Sunday, 19 April 2015

Gerald Ratner and his Catastrophic 'Midas Touch' in 1991

If Thatcherism is epitomised by hard work, graft, determination and unbridled success then Gerald Ratner in the 1980’s is definitely its personification. A famous British businessman, he mixes with the British elite in business and politics and is known throughout the land for his jewellery company Ratners Group. He holds such a high profile even Margaret Thatcher occasionally invites him to lunch. Gerald glories in all his achievements and is happy to be rewarded and feted for them whilst still enjoying life to the full as an adventurer.

Unsurprisingly all this achievement goes to his head and gives him such an inflated sense of self-importance even Icarus would have seen him as arrogant. To be fair he isn’t the only one or the first to feel this way. Famously the home computer genius, Clive Sinclair tried to sell the C5, a small battery powered tricycle that was compared to the K9 robot dog in the BBC science fiction series called ‘Doctor Who’. It was so unpopular that he lost £8 million of his fortune.

On 23rd April 1991 his risky instinct tells him to liven up a high profile talk before the Institute of Directors with something edgy. His thinking is that if he gains applause early on then he will calm his nerves. His solution is to insert some risque jokes.

Initially he is hesitant so he asks his trusted accountant, Hussein for advice. Hussein recommends he goes ahead with them. At the rehearsal, the girl monitoring the autocue questions his use of the word “crap”. Moira, his wife also has doubts. “It's just not that sort of event,” she says. However by now Gerald can not be swayed. He recalls that just a week before he has managed to get away with using the word crap in front of Princess Anne so he will be fine. 

On the night itself he launches into a now notorious speech with the  following quips. ‘We also do cut-glass sherry decanters complete with six glasses on a silver-plated tray that your butler can serve your drinks on, all for £4.95. People say, "How can you sell this for such a low price?", I say, "because it's total crap".’ As if that is not insulting enough he digs his own grave by following by saying some of the earrings were "cheaper than an M&S prawn sandwich but probably wouldn't last as long".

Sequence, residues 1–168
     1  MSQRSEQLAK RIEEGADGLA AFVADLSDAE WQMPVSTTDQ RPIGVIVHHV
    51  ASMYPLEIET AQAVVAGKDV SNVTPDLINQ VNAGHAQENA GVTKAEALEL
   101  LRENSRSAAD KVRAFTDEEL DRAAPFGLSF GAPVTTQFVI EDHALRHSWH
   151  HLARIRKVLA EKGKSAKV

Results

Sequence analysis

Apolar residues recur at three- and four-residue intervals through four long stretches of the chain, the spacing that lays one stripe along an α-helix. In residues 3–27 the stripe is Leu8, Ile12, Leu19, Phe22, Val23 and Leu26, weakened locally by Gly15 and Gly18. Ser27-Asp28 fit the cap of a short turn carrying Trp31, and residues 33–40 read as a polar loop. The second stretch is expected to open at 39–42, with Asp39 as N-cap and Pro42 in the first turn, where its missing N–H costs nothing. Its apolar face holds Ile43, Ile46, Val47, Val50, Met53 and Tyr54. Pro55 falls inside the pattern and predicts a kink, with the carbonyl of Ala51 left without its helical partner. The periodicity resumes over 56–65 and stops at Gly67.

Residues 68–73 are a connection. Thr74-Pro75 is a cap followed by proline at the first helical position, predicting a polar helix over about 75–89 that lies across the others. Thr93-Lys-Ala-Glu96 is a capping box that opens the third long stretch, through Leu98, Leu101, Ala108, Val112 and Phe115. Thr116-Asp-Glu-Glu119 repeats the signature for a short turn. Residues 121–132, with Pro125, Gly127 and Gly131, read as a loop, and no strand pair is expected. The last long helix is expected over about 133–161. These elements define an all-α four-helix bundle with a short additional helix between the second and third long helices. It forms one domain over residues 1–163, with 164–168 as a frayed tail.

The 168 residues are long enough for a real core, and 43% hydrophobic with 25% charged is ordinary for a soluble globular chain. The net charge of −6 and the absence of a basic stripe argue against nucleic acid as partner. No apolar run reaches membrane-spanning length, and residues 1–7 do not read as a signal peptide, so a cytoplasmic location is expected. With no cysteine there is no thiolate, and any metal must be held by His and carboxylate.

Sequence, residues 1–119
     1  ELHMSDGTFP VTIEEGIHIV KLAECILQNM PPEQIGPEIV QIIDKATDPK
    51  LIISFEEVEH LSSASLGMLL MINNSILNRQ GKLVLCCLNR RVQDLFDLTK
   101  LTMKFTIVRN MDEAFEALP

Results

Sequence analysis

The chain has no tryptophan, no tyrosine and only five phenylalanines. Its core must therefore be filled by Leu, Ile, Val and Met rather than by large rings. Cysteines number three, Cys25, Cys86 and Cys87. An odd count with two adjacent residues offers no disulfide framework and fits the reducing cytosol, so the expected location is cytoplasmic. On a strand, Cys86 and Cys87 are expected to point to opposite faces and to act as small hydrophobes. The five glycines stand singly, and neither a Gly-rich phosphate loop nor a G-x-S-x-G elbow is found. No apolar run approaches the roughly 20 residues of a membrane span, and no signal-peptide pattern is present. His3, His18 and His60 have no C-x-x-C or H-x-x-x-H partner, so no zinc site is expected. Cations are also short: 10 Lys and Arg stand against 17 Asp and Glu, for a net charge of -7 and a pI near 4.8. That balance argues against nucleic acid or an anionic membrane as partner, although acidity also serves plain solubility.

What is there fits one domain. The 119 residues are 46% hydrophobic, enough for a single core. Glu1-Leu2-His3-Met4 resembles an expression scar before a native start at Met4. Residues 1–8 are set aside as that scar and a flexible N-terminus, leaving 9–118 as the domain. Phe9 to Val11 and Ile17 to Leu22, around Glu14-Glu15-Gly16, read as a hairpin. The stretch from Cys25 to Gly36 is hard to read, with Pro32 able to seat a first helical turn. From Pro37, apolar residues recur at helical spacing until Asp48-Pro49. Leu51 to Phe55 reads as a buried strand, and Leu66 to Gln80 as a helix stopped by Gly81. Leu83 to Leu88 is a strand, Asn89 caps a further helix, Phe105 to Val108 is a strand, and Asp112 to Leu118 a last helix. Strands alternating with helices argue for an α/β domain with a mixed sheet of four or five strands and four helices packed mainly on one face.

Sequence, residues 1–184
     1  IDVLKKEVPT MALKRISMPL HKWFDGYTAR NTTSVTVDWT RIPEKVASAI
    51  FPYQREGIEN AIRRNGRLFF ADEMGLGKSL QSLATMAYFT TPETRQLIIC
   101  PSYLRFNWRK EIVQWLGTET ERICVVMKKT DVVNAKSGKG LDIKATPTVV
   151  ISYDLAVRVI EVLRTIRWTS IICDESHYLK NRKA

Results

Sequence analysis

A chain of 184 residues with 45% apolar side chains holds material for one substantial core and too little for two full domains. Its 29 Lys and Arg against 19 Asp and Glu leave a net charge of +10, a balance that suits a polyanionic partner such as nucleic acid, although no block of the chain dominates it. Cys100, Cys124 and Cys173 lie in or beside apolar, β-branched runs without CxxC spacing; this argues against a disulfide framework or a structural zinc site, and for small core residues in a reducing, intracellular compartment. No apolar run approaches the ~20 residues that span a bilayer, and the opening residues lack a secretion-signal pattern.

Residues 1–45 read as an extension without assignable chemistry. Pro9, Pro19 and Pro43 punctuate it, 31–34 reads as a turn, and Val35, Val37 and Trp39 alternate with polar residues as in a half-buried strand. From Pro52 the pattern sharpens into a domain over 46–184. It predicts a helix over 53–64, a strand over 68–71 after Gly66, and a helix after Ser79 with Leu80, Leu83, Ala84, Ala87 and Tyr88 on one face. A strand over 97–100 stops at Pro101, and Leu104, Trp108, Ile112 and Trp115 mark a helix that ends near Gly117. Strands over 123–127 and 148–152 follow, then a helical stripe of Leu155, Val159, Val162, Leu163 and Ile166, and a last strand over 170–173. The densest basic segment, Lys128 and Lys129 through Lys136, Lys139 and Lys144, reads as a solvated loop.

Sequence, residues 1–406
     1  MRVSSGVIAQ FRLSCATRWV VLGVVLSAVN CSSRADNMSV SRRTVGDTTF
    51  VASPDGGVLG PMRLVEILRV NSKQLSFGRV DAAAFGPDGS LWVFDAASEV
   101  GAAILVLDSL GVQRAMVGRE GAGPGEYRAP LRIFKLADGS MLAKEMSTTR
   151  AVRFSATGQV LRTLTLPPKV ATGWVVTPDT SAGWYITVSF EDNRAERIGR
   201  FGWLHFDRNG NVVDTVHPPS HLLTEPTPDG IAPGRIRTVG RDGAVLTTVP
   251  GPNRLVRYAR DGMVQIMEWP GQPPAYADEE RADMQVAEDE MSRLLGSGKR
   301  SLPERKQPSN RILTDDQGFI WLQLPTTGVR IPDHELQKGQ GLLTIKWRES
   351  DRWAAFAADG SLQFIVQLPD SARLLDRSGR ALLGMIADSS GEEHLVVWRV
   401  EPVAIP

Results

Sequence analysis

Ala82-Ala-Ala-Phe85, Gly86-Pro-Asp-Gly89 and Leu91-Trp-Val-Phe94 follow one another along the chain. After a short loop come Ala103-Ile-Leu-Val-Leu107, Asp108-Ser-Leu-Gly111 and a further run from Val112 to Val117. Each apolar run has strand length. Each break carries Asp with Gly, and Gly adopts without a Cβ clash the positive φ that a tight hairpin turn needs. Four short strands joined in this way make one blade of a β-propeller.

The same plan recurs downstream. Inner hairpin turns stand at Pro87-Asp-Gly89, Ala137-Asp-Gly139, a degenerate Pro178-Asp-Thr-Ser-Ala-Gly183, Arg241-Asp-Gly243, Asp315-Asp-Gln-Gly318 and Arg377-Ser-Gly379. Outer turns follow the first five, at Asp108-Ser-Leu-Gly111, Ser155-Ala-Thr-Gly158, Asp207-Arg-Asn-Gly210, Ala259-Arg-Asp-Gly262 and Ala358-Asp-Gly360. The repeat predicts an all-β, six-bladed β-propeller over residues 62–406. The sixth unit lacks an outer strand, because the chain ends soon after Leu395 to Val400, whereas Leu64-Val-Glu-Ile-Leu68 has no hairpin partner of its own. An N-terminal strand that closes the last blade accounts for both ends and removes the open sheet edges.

There are no indicators at first of what is about to happen. His speech finishes and it looks like he has given another triumphant performance. His jokes are well received and he is given a standing ovation. However the first ominous signs that not all is not quite right soon begin. As he leaves, a journalist from the Daily Mirror runs after him. “Aren’t you making fun of your customers?” the journalist asks. “What are you talking about?” queries Ratner. “You knowingly sell your customers crap. Don’t you think that’s making fun of them?” goads the journalist. Gerald retorts “No I’m not. I was just making a joke and having a bit of fun.”

Ratner thinks this will be the end of the matter. Shortly after he arrives home his close friend, the advertising expert, Charles Saatchi calls. “There’s a fantastic piece in the Evening Standard,” he said. “There’s a good line about you calling some of your products crap. It works really well. You come across as a really great guy with a good sense of humour. It’s terrific PR.”